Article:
Jim Recommends: Crete: The Battle and the Resistance by Anthony Beevor

I can actually remember the first time I heard about the Battle of Crete, albeit obliquely. I was a kid watching the old 60s Gregory Peck, David Niven and Anthony Quinn movie Guns of Navarone. Peck’s character Mallory’s major credential as a special operations soldier is the fact that he is a mountaineer and survived on Crete for over a year. Not knowing anything about Crete, that line always struck me as odd. What was the big deal about Crete? Well Anthony Beevor’s Crete: The Battle and Resistance answer’s that question. We don’t own it but would be happy to get a copy for you.

A riveting account of the fall of Greece, the Battle of Crete, and the Cretan Resistance, from the beginning of World War II to its end. Nazi Germany expected its airborne attack on Crete in 1941 to be a textbook victory based on tactical surprise. Little did they know that the British, using Ultra intercepts, had already laid a careful trap. It should have been the first German defeat of the war when a fatal misunderstanding turned the battle around. Prize-winning historian and bestselling author Antony Beevor lends his gift for storytelling to this important conflict, showing not only how the situation turned bad for Allied forces, but also how ferocious Cretan freedom fighters mounted a heroic resistance. Originally published in 1991, Crete 1941 is a breathtaking account of a momentous battle of World War II.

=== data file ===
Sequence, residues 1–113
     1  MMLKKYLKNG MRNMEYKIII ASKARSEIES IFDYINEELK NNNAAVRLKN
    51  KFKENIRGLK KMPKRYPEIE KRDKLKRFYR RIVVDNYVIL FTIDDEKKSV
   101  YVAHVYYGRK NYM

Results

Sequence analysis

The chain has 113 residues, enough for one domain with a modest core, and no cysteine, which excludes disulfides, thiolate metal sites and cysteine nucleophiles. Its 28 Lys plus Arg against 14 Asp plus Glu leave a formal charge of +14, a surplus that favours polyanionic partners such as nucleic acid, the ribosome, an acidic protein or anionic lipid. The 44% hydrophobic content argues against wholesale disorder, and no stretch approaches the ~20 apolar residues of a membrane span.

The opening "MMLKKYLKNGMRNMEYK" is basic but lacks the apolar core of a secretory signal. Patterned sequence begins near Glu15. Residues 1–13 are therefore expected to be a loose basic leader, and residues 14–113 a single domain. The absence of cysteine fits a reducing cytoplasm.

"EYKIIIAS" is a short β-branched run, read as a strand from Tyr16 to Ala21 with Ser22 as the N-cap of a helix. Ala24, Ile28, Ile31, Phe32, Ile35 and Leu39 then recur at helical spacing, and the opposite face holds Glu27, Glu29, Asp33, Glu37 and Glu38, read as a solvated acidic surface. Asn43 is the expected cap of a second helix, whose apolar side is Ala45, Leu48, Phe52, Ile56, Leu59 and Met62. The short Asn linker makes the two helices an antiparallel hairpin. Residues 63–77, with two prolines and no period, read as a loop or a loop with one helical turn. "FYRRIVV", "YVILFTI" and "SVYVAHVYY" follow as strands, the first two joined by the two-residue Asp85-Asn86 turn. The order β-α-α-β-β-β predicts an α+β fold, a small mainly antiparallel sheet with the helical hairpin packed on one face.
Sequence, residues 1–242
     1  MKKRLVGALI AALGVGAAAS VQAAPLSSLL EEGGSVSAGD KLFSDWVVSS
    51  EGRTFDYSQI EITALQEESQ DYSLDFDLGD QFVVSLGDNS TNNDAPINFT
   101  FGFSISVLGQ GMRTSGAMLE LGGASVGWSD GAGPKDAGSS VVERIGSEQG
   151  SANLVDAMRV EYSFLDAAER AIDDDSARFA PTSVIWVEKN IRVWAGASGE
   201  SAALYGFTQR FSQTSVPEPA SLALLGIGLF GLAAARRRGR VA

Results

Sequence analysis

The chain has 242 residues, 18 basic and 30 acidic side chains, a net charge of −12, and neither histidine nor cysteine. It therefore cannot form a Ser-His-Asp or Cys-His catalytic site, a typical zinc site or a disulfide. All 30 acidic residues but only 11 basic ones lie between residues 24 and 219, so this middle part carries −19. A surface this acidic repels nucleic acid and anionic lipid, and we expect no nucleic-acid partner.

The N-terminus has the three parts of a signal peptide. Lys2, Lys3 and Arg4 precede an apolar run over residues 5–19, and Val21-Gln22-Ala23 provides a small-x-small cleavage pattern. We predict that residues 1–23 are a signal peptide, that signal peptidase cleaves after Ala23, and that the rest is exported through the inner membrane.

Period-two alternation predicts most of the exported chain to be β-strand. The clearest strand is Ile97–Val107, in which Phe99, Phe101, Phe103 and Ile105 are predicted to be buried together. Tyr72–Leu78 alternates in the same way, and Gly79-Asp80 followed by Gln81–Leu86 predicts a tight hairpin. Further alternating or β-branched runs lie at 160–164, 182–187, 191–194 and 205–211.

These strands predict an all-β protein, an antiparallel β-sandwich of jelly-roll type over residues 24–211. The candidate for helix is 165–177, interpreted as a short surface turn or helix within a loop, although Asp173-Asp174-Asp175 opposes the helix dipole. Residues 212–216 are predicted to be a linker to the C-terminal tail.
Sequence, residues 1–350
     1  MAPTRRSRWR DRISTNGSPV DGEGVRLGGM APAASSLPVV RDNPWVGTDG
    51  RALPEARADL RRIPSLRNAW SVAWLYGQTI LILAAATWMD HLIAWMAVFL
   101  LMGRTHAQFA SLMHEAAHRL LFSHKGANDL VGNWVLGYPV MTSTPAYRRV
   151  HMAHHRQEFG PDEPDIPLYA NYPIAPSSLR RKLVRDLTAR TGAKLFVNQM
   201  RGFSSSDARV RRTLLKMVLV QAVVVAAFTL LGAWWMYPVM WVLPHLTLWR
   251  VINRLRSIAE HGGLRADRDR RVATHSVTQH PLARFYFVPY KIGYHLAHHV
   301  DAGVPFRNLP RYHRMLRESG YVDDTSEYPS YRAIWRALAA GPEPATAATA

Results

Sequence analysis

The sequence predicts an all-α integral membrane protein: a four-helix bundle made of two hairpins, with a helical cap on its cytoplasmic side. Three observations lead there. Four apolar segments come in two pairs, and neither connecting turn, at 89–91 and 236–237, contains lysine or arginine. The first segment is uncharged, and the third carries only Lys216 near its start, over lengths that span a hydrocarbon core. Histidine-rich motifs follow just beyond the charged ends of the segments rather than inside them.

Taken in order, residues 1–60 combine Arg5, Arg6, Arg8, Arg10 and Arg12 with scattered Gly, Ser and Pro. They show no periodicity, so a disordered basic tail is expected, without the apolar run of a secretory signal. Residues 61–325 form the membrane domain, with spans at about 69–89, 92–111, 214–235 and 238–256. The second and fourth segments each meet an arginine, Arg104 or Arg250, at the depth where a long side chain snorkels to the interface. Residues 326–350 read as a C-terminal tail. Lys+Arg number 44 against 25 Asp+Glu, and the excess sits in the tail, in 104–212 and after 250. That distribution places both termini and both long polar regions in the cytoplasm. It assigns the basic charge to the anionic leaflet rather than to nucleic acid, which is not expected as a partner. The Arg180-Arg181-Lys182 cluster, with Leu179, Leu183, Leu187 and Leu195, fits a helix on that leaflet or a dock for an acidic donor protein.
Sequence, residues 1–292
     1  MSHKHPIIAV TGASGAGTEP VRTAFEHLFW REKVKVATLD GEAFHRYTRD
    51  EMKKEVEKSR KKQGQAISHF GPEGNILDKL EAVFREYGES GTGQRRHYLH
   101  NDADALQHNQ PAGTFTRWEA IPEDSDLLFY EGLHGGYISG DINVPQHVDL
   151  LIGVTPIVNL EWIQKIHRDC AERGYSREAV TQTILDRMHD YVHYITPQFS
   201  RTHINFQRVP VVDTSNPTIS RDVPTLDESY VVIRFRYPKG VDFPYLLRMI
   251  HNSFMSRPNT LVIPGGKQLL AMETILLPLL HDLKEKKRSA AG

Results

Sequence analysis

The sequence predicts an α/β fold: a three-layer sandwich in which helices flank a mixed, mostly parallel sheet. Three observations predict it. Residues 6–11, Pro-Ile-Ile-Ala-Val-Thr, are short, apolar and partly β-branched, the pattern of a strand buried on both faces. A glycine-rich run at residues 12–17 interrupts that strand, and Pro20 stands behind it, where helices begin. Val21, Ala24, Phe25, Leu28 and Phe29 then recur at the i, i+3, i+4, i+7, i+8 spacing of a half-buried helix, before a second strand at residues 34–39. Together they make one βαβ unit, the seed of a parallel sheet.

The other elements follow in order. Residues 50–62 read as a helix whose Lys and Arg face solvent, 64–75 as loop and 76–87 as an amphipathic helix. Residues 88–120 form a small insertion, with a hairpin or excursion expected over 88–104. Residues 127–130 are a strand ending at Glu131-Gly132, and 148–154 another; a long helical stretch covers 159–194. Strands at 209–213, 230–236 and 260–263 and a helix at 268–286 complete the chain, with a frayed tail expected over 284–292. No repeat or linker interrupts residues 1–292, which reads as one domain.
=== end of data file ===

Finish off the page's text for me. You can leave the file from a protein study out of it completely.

And in case you are feeling nostalgic for Guns of Navarone here’s the trailer for it too: